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Beige Book: Economy Moving at Moderate Pace

January 12, 2011

CNN Summary of today’s Beige Book report: NEW YORK (CNNMoney) — Economic growth continued to expand moderately over the past few weeks, the Federal Reserve said Wednesday. In its latest snapshot of regional economic conditions, the Fed reported that manufacturing, retail and non-financial services sectors were strong in most regions.

But some sectors did not fare as well. The Fed said residential real estate market remained weak nationwide, as did commercial real estate construction.

The Fed did offer measured optimism on employment, another sector that has not matched the improvement of the economy at large. The Fed reported that the labor market “appeared to be firming somewhat” in most areas, but noted that wages remained stagnant.

Known as the Beige Book, the report summarizes economic conditions in the central bank’s 12 districts across the nation, and is released eight times a year. The report will help set the tone for the Fed policy meeting set to take place Jan. 25-26.

QE2 Still on Track — Buying Up Billions in Bonds
Lots of opinions on QE2, quantitative easing, ending in June 2011. As explained in the Financial Times last October,, QE is the practice of expanding a central bank’s balance sheet by buying long-term assets (in this case, bonds), in an attempt to drive down long-term interest rates, something that it only has reason to do once short-term interest rates are already at or close to zero.

The other goal is to curb any possibility of deflation ( so far, so good), yet keep inflation in check while stimulating the economy. A tall order indeed but it seems to be working. But, I heard a report today that commodities continue to rise and may affect inflation. Oil is on the rise and predicted by some to reach $100 a barrel by early Spring 2011.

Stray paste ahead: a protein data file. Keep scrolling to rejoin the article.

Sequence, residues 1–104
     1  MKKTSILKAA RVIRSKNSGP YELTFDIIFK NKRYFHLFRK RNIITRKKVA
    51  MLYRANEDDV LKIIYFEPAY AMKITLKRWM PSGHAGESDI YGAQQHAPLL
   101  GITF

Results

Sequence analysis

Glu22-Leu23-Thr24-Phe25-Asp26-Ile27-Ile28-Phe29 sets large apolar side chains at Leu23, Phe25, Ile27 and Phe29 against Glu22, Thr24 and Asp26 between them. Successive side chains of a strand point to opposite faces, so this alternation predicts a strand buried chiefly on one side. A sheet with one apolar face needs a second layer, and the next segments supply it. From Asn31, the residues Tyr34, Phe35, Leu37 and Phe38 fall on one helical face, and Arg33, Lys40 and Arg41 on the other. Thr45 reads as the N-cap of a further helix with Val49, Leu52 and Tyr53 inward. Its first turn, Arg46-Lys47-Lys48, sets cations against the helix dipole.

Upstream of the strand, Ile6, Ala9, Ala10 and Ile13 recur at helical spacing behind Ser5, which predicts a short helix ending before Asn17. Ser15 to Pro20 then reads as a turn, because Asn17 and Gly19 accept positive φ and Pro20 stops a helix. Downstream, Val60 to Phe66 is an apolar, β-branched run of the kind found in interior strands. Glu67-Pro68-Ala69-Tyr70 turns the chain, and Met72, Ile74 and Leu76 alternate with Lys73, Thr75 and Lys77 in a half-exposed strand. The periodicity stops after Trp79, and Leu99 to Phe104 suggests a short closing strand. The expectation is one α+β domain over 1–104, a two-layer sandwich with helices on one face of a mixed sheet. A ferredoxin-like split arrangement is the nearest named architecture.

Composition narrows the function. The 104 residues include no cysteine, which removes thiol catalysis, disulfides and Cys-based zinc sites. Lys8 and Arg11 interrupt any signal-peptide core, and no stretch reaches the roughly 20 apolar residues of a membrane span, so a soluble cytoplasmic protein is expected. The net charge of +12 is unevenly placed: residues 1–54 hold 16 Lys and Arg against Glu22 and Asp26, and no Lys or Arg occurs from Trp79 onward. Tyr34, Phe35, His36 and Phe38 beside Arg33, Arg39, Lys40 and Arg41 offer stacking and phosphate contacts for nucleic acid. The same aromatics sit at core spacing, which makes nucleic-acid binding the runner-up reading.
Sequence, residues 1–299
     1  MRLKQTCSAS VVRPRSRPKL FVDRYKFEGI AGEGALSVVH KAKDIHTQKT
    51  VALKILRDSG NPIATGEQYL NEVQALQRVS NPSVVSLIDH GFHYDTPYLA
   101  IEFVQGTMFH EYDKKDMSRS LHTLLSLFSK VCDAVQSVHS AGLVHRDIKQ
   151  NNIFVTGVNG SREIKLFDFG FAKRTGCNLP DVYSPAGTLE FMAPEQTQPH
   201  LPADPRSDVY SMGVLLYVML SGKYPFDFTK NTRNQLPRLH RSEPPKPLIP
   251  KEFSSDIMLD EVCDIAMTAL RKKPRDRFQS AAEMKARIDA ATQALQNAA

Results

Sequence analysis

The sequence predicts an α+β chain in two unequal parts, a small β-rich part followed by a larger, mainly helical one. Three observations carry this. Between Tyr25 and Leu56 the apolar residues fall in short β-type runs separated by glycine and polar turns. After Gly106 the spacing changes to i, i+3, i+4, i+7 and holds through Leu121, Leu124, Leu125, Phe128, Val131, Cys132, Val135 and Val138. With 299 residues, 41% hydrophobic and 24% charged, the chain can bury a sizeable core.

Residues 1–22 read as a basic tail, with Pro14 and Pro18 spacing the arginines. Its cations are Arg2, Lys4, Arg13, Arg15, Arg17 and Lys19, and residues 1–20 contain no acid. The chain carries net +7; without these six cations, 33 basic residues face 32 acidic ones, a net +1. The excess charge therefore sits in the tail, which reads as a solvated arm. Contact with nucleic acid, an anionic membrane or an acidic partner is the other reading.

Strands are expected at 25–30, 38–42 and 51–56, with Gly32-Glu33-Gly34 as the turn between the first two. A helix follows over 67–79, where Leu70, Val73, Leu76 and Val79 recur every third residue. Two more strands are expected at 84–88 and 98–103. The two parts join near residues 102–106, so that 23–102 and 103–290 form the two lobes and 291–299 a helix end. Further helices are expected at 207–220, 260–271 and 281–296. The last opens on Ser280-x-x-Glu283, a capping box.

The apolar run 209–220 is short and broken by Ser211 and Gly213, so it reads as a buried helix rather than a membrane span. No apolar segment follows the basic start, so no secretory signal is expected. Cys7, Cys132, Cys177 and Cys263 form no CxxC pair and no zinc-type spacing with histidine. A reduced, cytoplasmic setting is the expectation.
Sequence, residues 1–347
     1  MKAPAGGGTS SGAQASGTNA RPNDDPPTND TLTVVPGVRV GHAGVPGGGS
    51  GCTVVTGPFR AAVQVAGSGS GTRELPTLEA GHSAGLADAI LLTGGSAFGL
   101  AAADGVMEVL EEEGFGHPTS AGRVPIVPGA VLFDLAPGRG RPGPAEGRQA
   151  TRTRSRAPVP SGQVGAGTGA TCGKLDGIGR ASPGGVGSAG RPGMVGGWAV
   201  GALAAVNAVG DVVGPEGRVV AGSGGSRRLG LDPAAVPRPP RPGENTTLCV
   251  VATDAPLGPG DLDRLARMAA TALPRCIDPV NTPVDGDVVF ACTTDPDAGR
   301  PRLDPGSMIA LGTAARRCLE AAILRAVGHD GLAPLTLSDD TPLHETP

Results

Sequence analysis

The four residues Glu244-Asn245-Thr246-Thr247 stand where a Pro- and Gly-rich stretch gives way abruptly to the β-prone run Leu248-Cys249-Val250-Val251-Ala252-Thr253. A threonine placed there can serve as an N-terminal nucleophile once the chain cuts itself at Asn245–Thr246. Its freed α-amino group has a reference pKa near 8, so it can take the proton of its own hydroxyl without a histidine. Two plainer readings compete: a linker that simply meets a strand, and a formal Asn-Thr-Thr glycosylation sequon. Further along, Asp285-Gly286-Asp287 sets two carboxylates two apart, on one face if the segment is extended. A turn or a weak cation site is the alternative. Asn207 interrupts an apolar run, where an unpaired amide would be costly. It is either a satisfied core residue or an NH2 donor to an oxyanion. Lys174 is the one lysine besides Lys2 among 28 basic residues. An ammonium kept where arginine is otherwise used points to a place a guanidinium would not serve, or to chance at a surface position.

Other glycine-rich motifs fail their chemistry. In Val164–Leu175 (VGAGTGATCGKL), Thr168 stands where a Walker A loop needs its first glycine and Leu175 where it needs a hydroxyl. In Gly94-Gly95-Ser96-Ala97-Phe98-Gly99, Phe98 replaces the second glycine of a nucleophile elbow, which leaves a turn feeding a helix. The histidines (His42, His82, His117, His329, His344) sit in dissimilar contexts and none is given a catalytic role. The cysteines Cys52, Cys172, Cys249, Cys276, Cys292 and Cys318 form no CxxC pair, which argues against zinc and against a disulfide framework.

NY Times yesterday had a very good article on QE2
http://www.nytimes.com/2011/01/11/business/economy/11fed.html?ref=business

Each morning Mr. [Josh] Frost and his team face a formidable task: they must try to buy Treasuries at the best possible price from the savviest bond traders in the business.

The smallest miscalculation, a few one-hundredths of a percentage point here or there, could unsettle the markets and cost taxpayers dearly. It could also embolden critics at home and abroad who say QE2 represents a dangerous expansion of the Fed’s role in the markets.

“We are looking to get the best price we can for the taxpayer,” said Mr. Frost, a buttoned-down 34-year-old in a striped suit and rimless glasses.

Whether Mr. Frost will reach that goal is uncertain. What is sure is that market interest rates have risen, rather than fallen, since the Fed embarked on the program in November. That is the opposite of what was supposed to happen, although rates might have been even higher without the Fed program.

Mr. Frost’s task is to avoid paying top dollar for bonds that could be worth less when the Fed tries to sell them one day.

Entire article, click here

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